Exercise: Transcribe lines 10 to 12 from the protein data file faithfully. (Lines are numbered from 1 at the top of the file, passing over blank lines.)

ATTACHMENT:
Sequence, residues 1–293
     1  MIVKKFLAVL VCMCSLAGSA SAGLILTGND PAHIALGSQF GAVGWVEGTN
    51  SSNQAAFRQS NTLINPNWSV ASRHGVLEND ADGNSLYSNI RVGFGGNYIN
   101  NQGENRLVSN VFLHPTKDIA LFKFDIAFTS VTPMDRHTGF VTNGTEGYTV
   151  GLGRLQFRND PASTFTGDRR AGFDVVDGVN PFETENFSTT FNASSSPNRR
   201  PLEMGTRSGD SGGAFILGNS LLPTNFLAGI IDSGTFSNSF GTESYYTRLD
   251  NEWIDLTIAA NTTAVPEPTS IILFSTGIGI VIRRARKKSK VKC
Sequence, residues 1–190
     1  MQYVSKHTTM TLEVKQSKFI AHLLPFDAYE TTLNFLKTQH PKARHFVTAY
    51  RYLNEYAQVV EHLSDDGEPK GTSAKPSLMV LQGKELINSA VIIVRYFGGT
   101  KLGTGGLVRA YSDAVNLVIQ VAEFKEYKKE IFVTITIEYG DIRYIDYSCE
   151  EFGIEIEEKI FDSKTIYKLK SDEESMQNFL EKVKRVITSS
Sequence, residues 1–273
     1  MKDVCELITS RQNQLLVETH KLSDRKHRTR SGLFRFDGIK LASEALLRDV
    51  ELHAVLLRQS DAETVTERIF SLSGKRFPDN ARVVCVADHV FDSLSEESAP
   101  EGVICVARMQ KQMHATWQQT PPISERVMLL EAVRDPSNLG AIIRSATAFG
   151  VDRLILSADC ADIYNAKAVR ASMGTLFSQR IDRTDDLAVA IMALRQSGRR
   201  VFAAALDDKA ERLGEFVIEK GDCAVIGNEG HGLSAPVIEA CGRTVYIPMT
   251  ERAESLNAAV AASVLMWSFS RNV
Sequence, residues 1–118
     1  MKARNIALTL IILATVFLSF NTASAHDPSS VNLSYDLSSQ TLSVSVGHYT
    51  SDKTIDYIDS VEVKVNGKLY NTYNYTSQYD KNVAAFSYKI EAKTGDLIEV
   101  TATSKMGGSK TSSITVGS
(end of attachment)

    51  RYLNEYAQVV EHLSDDGEPK GTSAKPSLMV LQGKELINSA VIIVRYFGGT
   101  KLGTGGLVRA YSDAVNLVIQ VAEFKEYKKE IFVTITIEYG DIRYIDYSCE
   151  EFGIEIEEKI FDSKTIYKLK SDEESMQNFL EKVKRVITSS